• Leadership, resilience and pragmatism in the face of extreme uncertainty generated by rapid technological, organisational and business environmental change. I have been able to use my experiences at Novartis to build this tool set – now it is getting a real workout! Could you describe the e-Business team at Novartis? In the UK, we are 4 full time people, which can be considered as an average for the sector. The individuals bring a blend of experiences from pharma marketing and sales, NHS management, financial services and communications. We are supported by additional associates from within our IT department. More importantly, we have built an extended family of Internet champions within each department and the field-based teams – these people serve as amplifiers for our best practices and collectors of customer feedback. Worldwide, Novartis Pharma has more than 70 persons dedicated to developing our e-Business capabilities. Is the e-Business department a separate entity or is it integrated into the various departments? The e-Business Department was created in October 2000 and reports directly to the CEO. Our brief is to bring the best practices of e-Business to bear on the business priorities of Novartis Pharma UK. This year, an important part of our work is targeted at developing and integrating e-Business competencies within each department at Novartis. During the next 2-5 years, I expect a continued rapid pace of technological change and a substantial improvement of the ‘friendliness’ of our customer base towards the Internet. So I think that there will continue to be an important gatekeeper role for an e-Business Department going forward. You mentioned that it is important to have a pragmatic approach to “e”, what would actually be your definition of e-Business? As you know there are a million and one different definitions. My approach was to take a dozen of our e-people and put them in a room for an afternoon with Annie Tempest, a well-known artist and cartoonist. She taught us the basics of drawing and each of us created a picture of what we thought e-Business was about. These are being turned into a monthly calendar that will soon be hanging on the walls of 800 Novartis associates – a creative awareness-builder for the organisation and a challenge for each of us to understand how the Internet and telecommunications are going to influence our relationships with our customers as well as our organisation. Following this definition, what are your main initiatives? First our major initiative is to raise Internet competency within the organisation and reach e-readiness at the end of the year. We are conducting web conferences, e-days, and workshops to educate the organisation and using existing communications channels to spread the word. We have also had to invest substantial time in developing SOPs, legal briefs and e-governance tools. It is important to demonstrate the practical impact of the Internet to our organisation so we have implemented a first wave of activities including web-conferencing, e-procurement and e-detailing of physicians. We are focusing our efforts on several projects with substantial revenue generation potential and a couple that promise to significantly reduce the time-to-peak-sales for our new product introductions. Nowadays, do the projects need to be measurable and with short-term impact? Yes, Yes. Since last year when the crash occurred, our e-Business projects have had to compete with normal business projects for resourcing. Of the 20 projects we are working on, half will be implemented in the next 12 months and most of these will show positive returns within 12 months. In the case of projects focused on building customer relationships, we have a longer-term perspective. In the long term, what are your objectives? The integration of “e-thinking” into our business planning and daily routines. It needs to become second nature to think how the Internet can help in the daily job, how it can improve the relationships with the customers and how it can help driving competitive advantage. The e-Business team aims to make a difference in how we do business in the future – and to deliver a substantial value-added along the way. Can you explain your e-detailing initiative? In the UK, we think we are the first pharma company to be carrying out live e-detailing. A substantial market research project done last year identified numerous opportunities, but also highlighted major challenges that need to be surmounted before e-detailing can become a routine promotional tool. We decided to try it and learn. Where do you think ”e” will have the most impact? Over the long term, the financial impact will be greatest in those areas that substantially shorten our time to market for new products – many of these initiatives are lumped under the heading of e-clinical or e-marketing. In terms of business relationships, the Internet and electronic mail will become the dominant channels, but will always remain one among several options for our customers – I don’t foresee the end of face-to-face communication or of telephony. It now seems that direct-to-consumer communication will become reality in the UK within the next few years – this will open up an enormous range of opportunities to support the educated consumer and add value to the physician-patient relationship. Finally, inside companies like Novartis, applications of the Internet will become daily practice and will enable impressive productivity and job satisfaction gains. What are the drivers in the UK to accelerate the use of the Internet amongst physicians and healthcare managers? Time, training and prioritisation are, not surprisingly, the limiting factors in the adoption of the Internet by our healthcare customers. There has been some impressive strategic thinking within the NHS about the use of information technology and the Internet for achieving its commercial and communication priorities. However, there are many practical (and human) implementation issues at the user level that have been vastly underestimated and have led to a complicated and fragmented picture of Internet usage. Time and training will improve this situation. Could you describe a “Day in the Life of” your e-Business team? The intensity of the learning experience our team is going through has had a major impact on the design of our work environment. The e-Business team room is buzzing from 7:30 AM to 6 PM with team meetings, vendor presentations, personal Internet training and project demonstrations. We have equipped the room with high-speed Internet and Intranet connections and a presentation facility so that we have reliable facilities. We have team meetings at least twice a week to share experiences, review priorities and to evaluate new potential points of leverage for the Internet within our organisation. One of these meetings is the ‘Innovation Hour.’ This evolved from our need to find a time-limited way to deal with the incoming information flow from 20-30 vendors weekly. We eliminate 75% of the contacts during this hour and select the best and most relevant ideas for further presentation to our line functions. A further portion of our time is spent with our internal customers – we regularly update the other departments on our e-project priorities and listen to their business needs. We also make sure that we have regular contact with medical professionals, NHS managers and patients in order to understand how they want to interact with Novartis. We also play a leading role in our European e-Business initiatives and use our international contacts to identify best practices that could be applicable to the UK market. Finally, we stay in touch with Novartis management via twice-yearly e-Business review days with our executive team. What do you like the most in your job? I like to feel that I can make a difference within the organisation. I am very proud of the fact that our team has already had a significant impact on Novartis Pharma’s operations, capabilities and sales. What do you like the least or find the most challenging? The biggest challenges are in the details, the implementation itself. But this is what business is about. We would like to move faster on several fronts, but have realised that we need to bring the organisation up to speed on e-Business thinking first so that “e” becomes a natural element of our communications and technology mix. Lastly, there is the major challenge of picking out critical business information from the information flood that characterises e-Business. This task is compounded by the uncertainty of the viability of the business models of suppliers and sorting through a disturbing amount of misinformation. What do you think are the CSFs for the future? We review our objectives, success factor and project resourcing every six months in view of the pace of change in pharma e-Business. Taking a longer-term view, a think there are four CSFs requiring management attention:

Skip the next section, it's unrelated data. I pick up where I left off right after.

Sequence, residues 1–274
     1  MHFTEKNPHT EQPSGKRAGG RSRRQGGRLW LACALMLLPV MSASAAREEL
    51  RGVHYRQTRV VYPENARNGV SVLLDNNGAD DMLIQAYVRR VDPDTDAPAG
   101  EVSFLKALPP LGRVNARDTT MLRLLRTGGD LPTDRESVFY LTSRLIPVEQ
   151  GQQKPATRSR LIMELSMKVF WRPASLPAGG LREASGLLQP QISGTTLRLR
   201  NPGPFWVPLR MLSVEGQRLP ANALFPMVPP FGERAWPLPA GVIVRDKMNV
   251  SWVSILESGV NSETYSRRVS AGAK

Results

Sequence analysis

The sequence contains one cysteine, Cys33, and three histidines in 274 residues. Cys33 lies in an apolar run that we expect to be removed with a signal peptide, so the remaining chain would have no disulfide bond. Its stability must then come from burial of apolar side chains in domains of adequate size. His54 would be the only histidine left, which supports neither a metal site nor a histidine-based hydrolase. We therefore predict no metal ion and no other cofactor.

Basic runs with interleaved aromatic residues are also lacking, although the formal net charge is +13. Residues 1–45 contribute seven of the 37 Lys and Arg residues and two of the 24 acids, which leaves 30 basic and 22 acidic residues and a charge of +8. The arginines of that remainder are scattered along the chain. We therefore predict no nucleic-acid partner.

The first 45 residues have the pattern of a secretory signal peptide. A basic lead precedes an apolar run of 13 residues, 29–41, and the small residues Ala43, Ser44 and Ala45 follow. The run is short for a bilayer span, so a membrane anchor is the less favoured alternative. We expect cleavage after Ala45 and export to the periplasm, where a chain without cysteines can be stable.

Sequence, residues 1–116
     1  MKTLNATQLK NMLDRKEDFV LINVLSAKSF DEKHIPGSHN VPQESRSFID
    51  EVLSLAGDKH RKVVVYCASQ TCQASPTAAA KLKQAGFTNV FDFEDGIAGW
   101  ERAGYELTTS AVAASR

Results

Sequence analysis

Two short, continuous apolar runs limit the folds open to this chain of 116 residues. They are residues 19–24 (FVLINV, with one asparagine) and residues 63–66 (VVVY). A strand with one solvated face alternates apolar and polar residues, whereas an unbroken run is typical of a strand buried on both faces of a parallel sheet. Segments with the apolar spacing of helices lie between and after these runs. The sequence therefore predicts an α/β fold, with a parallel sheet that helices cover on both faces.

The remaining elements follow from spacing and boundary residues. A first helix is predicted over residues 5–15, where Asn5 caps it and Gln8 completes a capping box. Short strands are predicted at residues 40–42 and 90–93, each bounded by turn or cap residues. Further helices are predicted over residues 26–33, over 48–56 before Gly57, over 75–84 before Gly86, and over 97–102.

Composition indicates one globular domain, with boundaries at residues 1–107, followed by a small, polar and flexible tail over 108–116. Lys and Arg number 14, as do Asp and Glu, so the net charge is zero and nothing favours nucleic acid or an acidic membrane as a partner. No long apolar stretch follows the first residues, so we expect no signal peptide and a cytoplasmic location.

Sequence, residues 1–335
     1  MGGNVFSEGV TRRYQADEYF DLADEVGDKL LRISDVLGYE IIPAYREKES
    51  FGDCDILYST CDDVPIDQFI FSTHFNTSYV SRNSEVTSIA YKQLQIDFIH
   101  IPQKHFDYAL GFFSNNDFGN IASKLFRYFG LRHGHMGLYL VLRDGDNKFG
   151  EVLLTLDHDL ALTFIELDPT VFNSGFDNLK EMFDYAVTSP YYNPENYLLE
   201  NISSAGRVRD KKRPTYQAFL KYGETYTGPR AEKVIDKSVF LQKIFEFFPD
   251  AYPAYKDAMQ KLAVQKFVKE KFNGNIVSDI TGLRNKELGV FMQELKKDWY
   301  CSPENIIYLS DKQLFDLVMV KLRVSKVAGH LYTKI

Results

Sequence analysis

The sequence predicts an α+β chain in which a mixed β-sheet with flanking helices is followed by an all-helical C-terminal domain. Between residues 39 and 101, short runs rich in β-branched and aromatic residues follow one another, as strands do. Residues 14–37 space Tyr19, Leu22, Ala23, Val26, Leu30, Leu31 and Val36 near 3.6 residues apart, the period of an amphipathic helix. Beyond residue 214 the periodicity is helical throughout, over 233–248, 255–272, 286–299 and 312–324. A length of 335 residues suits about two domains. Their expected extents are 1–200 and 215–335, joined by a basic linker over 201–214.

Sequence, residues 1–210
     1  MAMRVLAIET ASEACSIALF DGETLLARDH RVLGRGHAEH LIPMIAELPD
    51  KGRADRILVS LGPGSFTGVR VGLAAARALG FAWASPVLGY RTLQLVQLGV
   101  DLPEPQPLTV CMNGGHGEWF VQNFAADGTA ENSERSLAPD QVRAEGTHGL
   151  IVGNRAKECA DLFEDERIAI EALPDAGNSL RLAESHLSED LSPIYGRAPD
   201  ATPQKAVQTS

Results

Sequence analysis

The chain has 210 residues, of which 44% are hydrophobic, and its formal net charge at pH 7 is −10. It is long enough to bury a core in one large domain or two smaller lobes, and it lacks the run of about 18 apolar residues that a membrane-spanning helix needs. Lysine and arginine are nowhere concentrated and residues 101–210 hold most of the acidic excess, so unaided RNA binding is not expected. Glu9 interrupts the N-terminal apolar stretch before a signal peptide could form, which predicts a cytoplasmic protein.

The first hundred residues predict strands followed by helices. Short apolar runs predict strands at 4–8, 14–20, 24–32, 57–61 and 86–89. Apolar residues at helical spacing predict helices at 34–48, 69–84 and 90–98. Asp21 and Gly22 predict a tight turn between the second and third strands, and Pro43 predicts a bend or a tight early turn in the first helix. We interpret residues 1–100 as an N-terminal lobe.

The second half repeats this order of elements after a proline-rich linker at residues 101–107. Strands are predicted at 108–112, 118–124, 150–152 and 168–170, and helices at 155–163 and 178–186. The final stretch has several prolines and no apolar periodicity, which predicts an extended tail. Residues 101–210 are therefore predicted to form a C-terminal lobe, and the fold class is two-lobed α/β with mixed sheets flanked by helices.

• A very good partnership with our IT department!
  • Integration of the Internet into our daily business thinking.
  • Innovation in partnership with our customers
  • Consistent resourcing of the e-Business function Change management is dependent upon a consistent message. The Internet in our organisation is yet to be viewed as critical to the business- it is amongst the top 10 priorities, but not the top 3. We have to balance our enthusiasm with the fact that there are other priorities. When you can combine both, like for a new product launch, the synergies are exhilarating.
  • Laurence Mizrahi

    Last updated on: 27/08/2010 11:40:18